photo - Target America

Can you talk about the exhibit and your role with it?

“I have been the co-chairman with Tim Ogden (DEA) on the Chicago Story portion of the exhibit which looks at the history of not only drug enforcement but law enforcement as well in our city. It has been an exciting project which has given us the opportunity to get together with a lot of DEA and Chicago narcotics officers, past and present. I think it is a tremendous successand more importantly, it is an important message for kids in our community. This exhibit will help us to sway kids from getting involved with drugs in the first place.”

I heard that you donated some personal artifacts for the exhibit, can you elaborate?

“A lot of us went through our old pictures and donated them to the Chicago story portion of the exhibit. We’ll get a kick out of seeing how we looked when we had beards, long hair…and no gray hair.”

Can you talk about the difference in drug trafficking from the 1970s when you were part of a task force and now, as the Superintendent of the Chicago Police Department?

“What is interesting is still the most successful weapon against drug trafficking is the special agent or police officer that is willing to go undercover and infiltrate the drug ring in order to gather evidence to present in court. That hasn’t changed at all in the 36 years that I have been on the job. What has changed, when I was working narcotics 30 years ago is that if you wanted to make a buy, everything was done through the telephone. Now in the open-air drug market, you have gangs arming themselves and entering neighborhoods to sell drugs. This really plagues communities. So whenever we can do an operation like Snakebite, it makes us feel like we are making a difference.”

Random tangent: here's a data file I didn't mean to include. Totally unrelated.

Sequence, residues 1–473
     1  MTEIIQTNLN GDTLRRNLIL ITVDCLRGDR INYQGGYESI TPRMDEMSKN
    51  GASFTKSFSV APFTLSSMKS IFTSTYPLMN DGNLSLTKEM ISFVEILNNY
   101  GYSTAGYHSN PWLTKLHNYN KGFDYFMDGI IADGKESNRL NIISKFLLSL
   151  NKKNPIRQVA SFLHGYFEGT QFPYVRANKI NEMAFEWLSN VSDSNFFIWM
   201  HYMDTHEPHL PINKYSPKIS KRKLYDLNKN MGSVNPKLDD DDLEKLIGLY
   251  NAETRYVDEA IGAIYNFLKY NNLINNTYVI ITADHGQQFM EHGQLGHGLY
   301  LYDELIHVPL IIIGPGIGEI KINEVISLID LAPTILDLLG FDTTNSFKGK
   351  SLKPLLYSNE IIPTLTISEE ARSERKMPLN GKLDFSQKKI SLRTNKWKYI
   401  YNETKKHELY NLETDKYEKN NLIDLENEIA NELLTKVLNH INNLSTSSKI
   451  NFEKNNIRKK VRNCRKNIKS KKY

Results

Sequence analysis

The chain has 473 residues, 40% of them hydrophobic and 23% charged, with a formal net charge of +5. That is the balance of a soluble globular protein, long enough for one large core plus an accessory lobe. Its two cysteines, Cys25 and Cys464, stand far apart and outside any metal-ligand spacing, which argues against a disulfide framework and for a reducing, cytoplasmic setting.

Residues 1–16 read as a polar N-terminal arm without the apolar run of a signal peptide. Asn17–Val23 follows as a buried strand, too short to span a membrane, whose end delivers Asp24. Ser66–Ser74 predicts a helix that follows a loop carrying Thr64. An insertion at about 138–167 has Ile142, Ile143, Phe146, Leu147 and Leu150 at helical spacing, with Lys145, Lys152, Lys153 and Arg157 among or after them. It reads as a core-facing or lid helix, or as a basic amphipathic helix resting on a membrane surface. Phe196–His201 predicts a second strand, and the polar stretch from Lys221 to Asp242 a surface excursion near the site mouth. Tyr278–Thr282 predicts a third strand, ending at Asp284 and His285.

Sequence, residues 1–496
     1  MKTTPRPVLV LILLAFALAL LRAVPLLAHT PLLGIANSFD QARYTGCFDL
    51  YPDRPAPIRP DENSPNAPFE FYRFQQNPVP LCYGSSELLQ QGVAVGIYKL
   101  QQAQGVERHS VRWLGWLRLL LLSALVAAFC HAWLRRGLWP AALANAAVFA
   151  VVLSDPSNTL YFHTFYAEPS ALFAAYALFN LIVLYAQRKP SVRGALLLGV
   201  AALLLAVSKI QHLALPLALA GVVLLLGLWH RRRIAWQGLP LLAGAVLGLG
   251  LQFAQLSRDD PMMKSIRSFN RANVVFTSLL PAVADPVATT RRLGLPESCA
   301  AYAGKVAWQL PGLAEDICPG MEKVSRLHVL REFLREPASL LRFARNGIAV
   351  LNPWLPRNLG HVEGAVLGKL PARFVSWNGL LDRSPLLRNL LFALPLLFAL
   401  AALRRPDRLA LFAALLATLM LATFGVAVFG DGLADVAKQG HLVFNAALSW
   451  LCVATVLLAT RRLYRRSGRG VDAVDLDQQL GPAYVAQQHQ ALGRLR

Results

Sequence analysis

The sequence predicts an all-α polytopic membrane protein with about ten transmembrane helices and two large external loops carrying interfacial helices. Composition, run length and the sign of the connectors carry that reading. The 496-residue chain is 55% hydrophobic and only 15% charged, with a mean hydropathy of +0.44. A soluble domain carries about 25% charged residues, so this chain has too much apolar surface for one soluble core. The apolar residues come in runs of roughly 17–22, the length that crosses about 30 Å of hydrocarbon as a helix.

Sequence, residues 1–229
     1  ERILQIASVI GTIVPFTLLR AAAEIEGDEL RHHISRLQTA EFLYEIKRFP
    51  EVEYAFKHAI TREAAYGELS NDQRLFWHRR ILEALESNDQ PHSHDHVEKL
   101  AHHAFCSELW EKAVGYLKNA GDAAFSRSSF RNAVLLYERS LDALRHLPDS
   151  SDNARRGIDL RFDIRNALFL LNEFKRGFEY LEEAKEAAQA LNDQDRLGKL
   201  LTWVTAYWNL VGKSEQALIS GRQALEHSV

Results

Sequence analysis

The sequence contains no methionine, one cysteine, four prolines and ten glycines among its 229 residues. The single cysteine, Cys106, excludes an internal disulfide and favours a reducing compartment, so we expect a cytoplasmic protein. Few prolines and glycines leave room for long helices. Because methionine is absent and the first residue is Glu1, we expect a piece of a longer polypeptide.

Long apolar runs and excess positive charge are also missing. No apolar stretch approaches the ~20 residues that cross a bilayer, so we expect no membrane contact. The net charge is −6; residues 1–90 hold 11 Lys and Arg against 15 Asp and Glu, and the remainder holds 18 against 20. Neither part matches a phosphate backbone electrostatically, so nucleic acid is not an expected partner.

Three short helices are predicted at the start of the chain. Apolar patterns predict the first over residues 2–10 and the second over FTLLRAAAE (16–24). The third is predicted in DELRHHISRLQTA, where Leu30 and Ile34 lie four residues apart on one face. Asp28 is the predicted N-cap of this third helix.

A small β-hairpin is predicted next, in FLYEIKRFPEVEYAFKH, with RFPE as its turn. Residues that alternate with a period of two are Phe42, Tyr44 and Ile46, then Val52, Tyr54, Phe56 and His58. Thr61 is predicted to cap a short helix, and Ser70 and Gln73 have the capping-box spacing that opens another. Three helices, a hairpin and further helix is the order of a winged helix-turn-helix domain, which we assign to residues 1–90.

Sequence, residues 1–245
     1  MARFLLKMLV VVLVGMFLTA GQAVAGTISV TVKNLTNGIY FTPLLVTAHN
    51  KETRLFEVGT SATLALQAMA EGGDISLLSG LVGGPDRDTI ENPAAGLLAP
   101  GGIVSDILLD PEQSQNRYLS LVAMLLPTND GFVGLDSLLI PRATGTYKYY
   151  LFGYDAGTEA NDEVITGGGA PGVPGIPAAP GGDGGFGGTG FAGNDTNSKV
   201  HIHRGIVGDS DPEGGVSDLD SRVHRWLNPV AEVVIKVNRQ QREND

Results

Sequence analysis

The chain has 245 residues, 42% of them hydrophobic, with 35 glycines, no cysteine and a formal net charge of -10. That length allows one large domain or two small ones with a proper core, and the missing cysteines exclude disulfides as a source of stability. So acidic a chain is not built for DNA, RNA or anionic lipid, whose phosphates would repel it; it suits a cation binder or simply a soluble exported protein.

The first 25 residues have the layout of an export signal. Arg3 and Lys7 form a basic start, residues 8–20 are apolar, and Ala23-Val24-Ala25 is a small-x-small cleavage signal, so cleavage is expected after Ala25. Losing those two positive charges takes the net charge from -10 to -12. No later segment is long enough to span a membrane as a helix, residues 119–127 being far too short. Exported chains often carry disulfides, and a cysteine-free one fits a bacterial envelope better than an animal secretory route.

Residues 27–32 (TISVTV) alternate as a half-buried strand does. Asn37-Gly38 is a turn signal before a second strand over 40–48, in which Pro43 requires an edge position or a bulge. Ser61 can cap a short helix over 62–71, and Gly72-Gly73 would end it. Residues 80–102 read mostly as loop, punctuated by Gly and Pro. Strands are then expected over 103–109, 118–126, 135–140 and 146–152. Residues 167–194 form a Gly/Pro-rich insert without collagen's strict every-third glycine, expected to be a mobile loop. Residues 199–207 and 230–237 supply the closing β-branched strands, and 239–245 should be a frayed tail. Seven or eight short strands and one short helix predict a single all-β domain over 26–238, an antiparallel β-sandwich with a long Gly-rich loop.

Is it true that drug addicts are actually seeking out fentanyl-laced heroin?

“Unfortunately, drug users want to get the most extreme high they can without killing themselves. That is the typical victim of this crime. When we started getting the fentanyl overdoses in Chicago, we put out flyers and notified the media. The dealers used the flyers to advertise the fentanyl, which actually drew dealers to certain street corners. One district manager told me that he had to put traffic control in one area because so many addicts showed up trying to buy these drugs.”

Can anything good come out of this fentanyl outbreak?

“We are hoping that if there was ever a time for an addict to seek treatment, now is the time. You are playing Russian-roulette every time you buy a bag of dope. You don’t know when you use it, whether or not it will kill you. The case has also united us all against this deadly drug. And the exhibit at the museum is perfect timing so we can keep the momentum going and show people, especially school children, the dangers of drug abuse.”

photo - Target America